Archive for the 'Uncategorized' Category



18
Nov
14

the kids are alright

With so much lamentation about the youth of today, it was encouraging to experience a fresh perspective on our future leaders, one that will restore your faith in humanity. I sat on a panel for our Congressional District where we interviewed candidates for the United States Service Academy nominations.

I reviewed each of the applicant’s resumes two weeks prior and was astounded by their many accomplishments. The panel took twenty minutes to speak with each candidate, asking a series of questions, and I took note of the recurring themes that defined these future leaders…

Adversity: When asked if they thought they learned more from success or adversity, 9 out of 10 of them replied adversity. I’m that I had figured that out by age 18. They all realized the role of struggle and challenge in making them better individuals. This was not a group of babies with the silver spoons still in their mouths. Some came from single-parent homes, blue-collar backgrounds, working as hard as they could in the public school system. As one candidate so aptly said, “Success could be just luck. Adversity motivates me to improve.”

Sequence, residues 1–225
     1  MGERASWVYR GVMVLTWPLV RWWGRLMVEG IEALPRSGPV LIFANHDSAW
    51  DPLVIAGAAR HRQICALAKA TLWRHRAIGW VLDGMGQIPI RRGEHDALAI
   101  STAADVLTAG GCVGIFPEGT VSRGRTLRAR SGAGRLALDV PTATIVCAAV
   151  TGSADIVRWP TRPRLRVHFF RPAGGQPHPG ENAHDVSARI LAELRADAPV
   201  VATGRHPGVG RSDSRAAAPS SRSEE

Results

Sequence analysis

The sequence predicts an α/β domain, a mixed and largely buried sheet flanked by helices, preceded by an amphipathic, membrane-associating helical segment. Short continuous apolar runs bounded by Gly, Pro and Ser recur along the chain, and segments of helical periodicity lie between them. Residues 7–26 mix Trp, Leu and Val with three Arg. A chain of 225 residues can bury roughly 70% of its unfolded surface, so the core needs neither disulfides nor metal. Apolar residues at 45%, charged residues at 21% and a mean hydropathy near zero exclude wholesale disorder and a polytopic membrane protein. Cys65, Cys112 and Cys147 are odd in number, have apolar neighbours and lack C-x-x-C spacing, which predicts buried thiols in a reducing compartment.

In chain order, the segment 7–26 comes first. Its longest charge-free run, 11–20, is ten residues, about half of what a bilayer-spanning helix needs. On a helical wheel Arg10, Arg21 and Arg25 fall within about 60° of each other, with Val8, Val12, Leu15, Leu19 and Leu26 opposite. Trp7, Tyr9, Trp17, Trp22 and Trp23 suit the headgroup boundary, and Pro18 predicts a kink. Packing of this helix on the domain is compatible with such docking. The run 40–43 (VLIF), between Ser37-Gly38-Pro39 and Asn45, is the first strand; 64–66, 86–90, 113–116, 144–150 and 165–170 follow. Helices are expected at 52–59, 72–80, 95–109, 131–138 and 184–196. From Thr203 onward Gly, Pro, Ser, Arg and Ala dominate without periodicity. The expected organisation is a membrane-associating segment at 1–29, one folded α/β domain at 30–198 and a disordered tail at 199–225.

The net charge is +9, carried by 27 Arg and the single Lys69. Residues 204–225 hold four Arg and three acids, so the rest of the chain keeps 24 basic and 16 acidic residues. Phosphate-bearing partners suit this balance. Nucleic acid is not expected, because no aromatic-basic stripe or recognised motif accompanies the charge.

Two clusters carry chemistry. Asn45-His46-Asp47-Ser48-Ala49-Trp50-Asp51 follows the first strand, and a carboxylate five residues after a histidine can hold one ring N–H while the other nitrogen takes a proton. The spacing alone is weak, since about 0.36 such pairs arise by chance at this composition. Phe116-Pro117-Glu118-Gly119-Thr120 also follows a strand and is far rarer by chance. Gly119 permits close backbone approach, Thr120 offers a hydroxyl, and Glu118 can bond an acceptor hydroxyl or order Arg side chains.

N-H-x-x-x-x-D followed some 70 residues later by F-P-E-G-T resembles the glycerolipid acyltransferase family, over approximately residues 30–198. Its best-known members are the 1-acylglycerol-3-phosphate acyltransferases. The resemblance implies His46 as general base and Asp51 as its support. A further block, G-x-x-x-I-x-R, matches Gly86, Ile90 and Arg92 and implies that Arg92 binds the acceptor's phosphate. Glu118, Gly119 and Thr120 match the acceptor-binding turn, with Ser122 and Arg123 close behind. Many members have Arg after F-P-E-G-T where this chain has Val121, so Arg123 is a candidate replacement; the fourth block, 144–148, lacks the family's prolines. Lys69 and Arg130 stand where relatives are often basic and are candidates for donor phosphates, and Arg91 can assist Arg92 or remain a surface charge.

Mentoring: They each had someone in their lives who guided them when they were younger. For some it was an uncle who served, for others it was a school counselor who praised them for their leadership potential. Never underestimate the role you can have in developing a future leader. Robert Frost said, “I am not a teacher, but an awakener.” Somewhere along the line, someone awakened the seeds of greatness in these individuals, giving them a desire to develop themselves to the fullest.

Discipline: Show me what a person does with their idle time and I’ll show you where they’ll be in twenty years. Each of these candidates had a resume more robust than most adults. They served on sport teams, in academic societies, in community activities. They ran fund raisers, mentored younger students, and worked a variety of jobs. To say these young people were hard workers would be an understatement. If idle hands are the tools of the devil, this group is nothing but divine. As one commented, “I try to keep my schedule full in all areas of my life.”